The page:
Wayland grandchildren share stories with WBU freshmen
October 12, 2010
PLAINVIEW – “To all of you they were Dr. and Mrs. Wayland, but to us, they were just mamaw and papaw, and we saw them every day of our lives,” said Linda Lees Adkins, granddaughter of Wayland Baptist University founders Dr. J.H. Wayland and wife Sarah.
Holding up photo portraits of her grandparents, Adkins and her brother Bill Lees then shared several stories about the man behind the university and the more personal side of their lives as part of the real Wayland family. Adkins and Lees addressed two University Life classes on Monday in the Heritage Room of the Mabee Learning Resources Center, a fitting backdrop with its shelves of old medical books and framed antique photographs of the pioneer doctor and his family.
Both living in Plainview, Adkins and Lees are the children of the late Mary Wayland Lees, one of the Wayland daughters and a “real pistol” according to her own children. Though both were only 10 and 9 when their grandfather Wayland died in 1948, the two have vivid memories of those years and lots of stories passed down from generations of those who knew the doctor and Sarah when they were much younger and more active.
“By the time we knew him, Papaw was older and sick and he’d lost a leg already to diabetes, so he was a little grumpy,” Lees said. “But we always knew he loved us.”
The pair passed around their own personal Wayland family scrapbooks for the students to peruse while they shared stories, each replete with old photographs, newspaper clippings and the other memorabilia. But the students found most fascinating the stories shared of the more candid moments in the Wayland family.
Lees shared how Dr. Wayland converted to the Baptist denomination when he fell in love with Sarah, whose parents were staunchly against their children marrying anyone who wasn’t Baptist. He kept the secret of the switch from his Methodist parents for several years, until they came to live with the couple in Plainview and he couldn’t hide the truth any longer.
“If it wasn’t for the love of that beautiful woman, what do you think this university might be called today?” Lees asked with a smile. “Wayland Methodist University.”
Adkins shared how her grandparents left Parker County, Texas, for the drier plains of West Texas with all their belongings on three rail cars, including the lumber and goods to build a home since Sarah had announced she would not live in a dugout. They arrived in Amarillo and pointed their horses and buggy south to Plainview.
“There were no roads, no trails, no telephone poles to guide the way, but to them it was beautiful,” said Adkins. “They were starting out on the most wonderful adventure of their lives.”
Adkins and Lees said while the Waylands were active churchgoers – founding members of Plainview’s First Baptist Church – and involved in many civic events, their children were busy doing what children do: getting into trouble. He related a story about his own mother, Mary, getting into trouble after she and sister Sarah and brother John pushed a cow up the stairs at Gates Hall then couldn’t get him to come back down. Linda shared how Mrs. Wayland often had to drag a teenaged Mary out of the dance halls in Plainview because Dr. Wayland didn’t believe good Baptist girls danced.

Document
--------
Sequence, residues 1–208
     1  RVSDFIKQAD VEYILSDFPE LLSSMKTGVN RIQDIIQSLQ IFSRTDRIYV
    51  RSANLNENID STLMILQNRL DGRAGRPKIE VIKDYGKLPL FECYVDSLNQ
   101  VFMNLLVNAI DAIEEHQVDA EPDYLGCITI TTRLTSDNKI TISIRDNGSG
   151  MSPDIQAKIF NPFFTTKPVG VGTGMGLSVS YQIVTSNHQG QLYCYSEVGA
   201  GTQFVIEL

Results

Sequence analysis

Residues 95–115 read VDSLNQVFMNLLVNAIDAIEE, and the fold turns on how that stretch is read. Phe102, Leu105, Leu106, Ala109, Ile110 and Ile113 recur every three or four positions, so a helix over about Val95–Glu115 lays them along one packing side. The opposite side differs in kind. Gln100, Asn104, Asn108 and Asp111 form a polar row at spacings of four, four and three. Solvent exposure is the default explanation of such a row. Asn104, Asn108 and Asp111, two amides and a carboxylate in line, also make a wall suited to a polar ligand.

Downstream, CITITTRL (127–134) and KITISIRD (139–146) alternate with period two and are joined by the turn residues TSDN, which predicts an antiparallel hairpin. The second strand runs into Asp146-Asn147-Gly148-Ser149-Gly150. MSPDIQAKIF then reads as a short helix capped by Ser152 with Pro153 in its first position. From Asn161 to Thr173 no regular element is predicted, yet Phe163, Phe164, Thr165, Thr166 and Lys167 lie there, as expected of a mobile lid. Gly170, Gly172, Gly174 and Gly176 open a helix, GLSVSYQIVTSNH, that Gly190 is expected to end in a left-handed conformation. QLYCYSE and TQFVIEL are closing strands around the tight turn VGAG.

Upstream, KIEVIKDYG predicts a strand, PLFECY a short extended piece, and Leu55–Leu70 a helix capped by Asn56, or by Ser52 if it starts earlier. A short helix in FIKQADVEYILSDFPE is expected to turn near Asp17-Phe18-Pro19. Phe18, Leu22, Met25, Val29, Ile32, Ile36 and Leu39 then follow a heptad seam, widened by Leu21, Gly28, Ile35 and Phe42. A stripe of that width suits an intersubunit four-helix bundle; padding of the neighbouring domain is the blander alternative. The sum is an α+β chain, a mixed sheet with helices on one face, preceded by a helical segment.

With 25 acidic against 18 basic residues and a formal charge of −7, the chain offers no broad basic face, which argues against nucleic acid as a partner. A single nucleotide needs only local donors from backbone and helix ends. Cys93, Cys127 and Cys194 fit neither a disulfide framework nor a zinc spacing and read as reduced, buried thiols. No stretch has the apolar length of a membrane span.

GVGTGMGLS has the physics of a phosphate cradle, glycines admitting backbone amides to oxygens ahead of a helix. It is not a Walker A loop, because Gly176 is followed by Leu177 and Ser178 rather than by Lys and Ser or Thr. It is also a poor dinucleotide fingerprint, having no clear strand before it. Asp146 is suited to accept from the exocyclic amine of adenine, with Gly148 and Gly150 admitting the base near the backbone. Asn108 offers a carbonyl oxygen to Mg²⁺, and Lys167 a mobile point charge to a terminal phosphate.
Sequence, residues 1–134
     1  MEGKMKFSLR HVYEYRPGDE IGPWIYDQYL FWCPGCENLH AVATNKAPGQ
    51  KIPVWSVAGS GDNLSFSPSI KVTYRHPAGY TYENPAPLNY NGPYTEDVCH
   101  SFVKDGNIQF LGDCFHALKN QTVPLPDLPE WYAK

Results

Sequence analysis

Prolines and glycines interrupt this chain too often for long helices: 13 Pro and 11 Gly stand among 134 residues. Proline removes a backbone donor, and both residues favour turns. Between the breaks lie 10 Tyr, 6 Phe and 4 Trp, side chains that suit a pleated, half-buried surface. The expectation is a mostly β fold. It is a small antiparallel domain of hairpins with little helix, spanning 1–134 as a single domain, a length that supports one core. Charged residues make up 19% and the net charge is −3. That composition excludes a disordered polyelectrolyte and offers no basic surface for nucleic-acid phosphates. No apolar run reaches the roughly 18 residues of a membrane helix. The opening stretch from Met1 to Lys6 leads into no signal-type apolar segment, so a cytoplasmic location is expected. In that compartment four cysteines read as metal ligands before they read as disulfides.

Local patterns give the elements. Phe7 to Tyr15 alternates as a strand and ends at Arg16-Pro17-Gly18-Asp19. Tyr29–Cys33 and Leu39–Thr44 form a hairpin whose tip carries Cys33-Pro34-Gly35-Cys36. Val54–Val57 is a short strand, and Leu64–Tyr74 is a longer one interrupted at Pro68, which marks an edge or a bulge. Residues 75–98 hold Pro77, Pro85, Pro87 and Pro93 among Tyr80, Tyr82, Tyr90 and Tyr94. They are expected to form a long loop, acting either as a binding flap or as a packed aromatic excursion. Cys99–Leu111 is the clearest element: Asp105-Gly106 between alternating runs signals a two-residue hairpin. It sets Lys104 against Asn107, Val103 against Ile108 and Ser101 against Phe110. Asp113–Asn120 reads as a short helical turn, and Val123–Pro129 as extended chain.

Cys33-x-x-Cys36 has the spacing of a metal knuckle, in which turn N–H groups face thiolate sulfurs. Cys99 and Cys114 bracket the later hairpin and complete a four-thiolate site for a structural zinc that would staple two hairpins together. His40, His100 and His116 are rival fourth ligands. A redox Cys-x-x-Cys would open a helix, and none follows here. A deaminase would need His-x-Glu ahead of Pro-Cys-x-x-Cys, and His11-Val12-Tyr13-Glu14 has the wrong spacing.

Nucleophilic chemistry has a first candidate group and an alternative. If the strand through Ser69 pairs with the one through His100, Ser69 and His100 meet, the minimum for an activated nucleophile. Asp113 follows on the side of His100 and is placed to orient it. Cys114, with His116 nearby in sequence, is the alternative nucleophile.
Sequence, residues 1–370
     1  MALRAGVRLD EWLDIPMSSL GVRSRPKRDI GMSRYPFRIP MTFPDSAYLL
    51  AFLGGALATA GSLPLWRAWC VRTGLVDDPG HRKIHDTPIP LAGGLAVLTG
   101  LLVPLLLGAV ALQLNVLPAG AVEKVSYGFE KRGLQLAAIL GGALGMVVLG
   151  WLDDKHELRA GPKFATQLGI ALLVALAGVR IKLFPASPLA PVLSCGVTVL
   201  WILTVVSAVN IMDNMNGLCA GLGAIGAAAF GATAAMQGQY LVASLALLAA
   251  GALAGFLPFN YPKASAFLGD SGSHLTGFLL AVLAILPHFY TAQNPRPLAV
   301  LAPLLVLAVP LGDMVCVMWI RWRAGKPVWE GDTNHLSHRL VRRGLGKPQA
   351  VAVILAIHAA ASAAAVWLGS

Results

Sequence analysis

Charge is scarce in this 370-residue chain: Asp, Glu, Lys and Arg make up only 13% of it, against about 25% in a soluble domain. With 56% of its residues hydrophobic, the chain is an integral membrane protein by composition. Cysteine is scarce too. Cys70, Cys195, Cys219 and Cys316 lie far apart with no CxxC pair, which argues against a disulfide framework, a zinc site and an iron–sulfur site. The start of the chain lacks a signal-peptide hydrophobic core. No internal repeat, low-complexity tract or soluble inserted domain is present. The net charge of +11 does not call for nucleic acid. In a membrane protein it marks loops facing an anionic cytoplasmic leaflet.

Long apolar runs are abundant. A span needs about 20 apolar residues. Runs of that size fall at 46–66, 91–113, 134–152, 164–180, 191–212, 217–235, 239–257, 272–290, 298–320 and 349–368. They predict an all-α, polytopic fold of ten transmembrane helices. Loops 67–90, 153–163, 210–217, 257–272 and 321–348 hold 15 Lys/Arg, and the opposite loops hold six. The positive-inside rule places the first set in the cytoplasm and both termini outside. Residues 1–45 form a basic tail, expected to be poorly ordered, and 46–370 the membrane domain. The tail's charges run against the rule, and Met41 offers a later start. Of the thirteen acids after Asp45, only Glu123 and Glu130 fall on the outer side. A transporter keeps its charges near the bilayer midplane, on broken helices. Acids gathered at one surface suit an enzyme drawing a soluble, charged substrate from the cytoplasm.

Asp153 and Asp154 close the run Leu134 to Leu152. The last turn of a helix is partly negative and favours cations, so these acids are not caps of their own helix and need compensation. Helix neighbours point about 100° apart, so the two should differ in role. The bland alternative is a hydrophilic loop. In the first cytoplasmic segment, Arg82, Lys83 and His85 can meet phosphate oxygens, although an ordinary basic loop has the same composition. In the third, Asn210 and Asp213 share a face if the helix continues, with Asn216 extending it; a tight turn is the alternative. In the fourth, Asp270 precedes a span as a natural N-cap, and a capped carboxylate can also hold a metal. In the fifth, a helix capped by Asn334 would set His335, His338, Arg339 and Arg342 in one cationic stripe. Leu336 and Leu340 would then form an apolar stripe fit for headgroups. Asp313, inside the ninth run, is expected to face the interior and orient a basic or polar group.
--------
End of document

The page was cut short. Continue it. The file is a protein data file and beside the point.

“They were always having to apologize in chapel on Monday for things they had done,” laughed Lees.
From the yearly ritual of eating ground sulphur mixed with black molasses – a surefire cure for Spring Fever – to Sunday dinners of fried chicken and whatever random church guests the doctor brought home, life was never dull around the Wayland home. The grandparents had a sense of humor and loved doing things for people.
“Papaw had three main loves: his family, his God and this college,” Bill said. “At his funeral, one of the officiants came down off the platform, touched his casket and said, ‘No matter what else you’ve heard here, he was a good man.’ And that was true. There were no skeletons in his closet; he was just a good man.”
Both Lees and Adkins agree that the doctor’s commitment to starting the school which was then located on the outskirts of Plainview was a lifelong one that involved his entire family. He took his financial pledge seriously and the rest of the family helped chip in to pay the debt he felt he owed, above and beyond the initial gift of $10,000 and 25 acres of land to start the college.
“Their children never saw a monetary heritage because granddad spent every penny he had on the college,” Adkins said. “But they received a greater heritage to pass along to their own kids.”
University Life classes are required for freshmen and most transfer students to Wayland and cover vital study skills, life skills and leadership lessons that help students make the transition to college life. The history and heritage of the university are part of those lessons, usually covered by a video produced during the centennial of the university in 2008-09.
But when instructor Kevin Leggett learned that two Wayland grandchildren lived in Plainview and had stories of their own, he opted to let them share the heritage of their grandfather with students in his class. A section of the class taught by Donnie Brown joined them for the living history lesson on Monday.